Do You Know if You Have Inaccuracies In Your Credit Report?

Published on Aug 27, 2013 04:58 pm

Information included in your credit report comes directly from creditors and lenders and data is occasionally reported inaccurately. The good news is that that you have a right to file a dispute and get the information corrected if it’s found to be erroneous.

Here we clue you in what to look for and how to start the dispute process should you suspect something is listed incorrectly in your credit report:

Personal InformationCredit reporting agencies track the credit activity of millions of consumers across the nation. Sometimes, multiple consumers have the same or similar names, especially in the case of family members. Carefully review how your contact information, addresses and other personal information are listed in your credit report.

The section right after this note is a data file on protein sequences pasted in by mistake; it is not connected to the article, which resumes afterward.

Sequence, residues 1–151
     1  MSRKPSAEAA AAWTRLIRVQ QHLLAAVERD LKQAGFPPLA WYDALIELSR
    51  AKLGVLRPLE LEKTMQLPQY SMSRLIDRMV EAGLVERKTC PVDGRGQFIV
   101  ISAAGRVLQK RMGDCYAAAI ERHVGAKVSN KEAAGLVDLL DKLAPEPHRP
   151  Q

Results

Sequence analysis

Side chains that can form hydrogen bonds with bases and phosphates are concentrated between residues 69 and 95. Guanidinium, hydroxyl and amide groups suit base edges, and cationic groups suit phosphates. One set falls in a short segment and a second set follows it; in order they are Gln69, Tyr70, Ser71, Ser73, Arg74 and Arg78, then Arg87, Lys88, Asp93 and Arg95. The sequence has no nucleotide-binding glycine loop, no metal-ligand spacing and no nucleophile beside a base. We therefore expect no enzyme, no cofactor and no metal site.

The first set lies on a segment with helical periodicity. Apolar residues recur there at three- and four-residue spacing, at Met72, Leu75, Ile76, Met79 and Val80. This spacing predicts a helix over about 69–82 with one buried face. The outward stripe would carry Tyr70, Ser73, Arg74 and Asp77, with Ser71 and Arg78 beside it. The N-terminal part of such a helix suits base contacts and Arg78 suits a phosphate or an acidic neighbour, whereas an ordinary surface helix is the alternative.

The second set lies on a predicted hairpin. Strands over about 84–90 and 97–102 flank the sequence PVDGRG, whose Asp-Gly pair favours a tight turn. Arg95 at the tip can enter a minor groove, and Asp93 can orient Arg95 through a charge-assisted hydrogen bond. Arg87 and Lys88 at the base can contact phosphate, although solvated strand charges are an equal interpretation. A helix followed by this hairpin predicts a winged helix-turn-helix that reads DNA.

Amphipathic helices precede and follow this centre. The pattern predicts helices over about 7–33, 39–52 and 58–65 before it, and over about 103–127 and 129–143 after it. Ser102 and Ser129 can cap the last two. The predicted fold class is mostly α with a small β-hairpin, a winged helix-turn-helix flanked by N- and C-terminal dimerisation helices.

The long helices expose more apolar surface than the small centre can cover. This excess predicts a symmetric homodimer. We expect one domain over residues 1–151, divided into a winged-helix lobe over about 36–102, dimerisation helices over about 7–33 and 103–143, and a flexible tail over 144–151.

If there are inaccuracies, you can contact the credit bureau to start the dispute process. While it’s not required, it’s best to be organized and have any paperwork that can validate your information handy to share with the credit bureaus to help ease the process.

Financial AccountsWhile some common mistakes are because of a minimal mix-up, you will want to inspect for signs of identity theft as well. If you have accounts listed that don’t belong to you or inquiries you have not authorized, these are signs that your name and credit might have been compromised. In these situations, you might want to investigate the suspicious activity further.

Members of free have access to fraud resolution agents to assist you should you feel that you may have had your identity compromised.  This way, you’re not the only one on the case! Remember, while finding something that seems off isn’t very common, it’s important to check your credit report regularly and ensure all information is accurate and up to date.

This article is provided for general guidance and information. It is not intended as, nor should it be construed to be, legal, financial or other professional advice. Please consult with your attorney or financial advisor to discuss any legal or financial issues involved with credit decisions.

Published by permission from, Inc.  © 2013, Inc.  All rights reserved.

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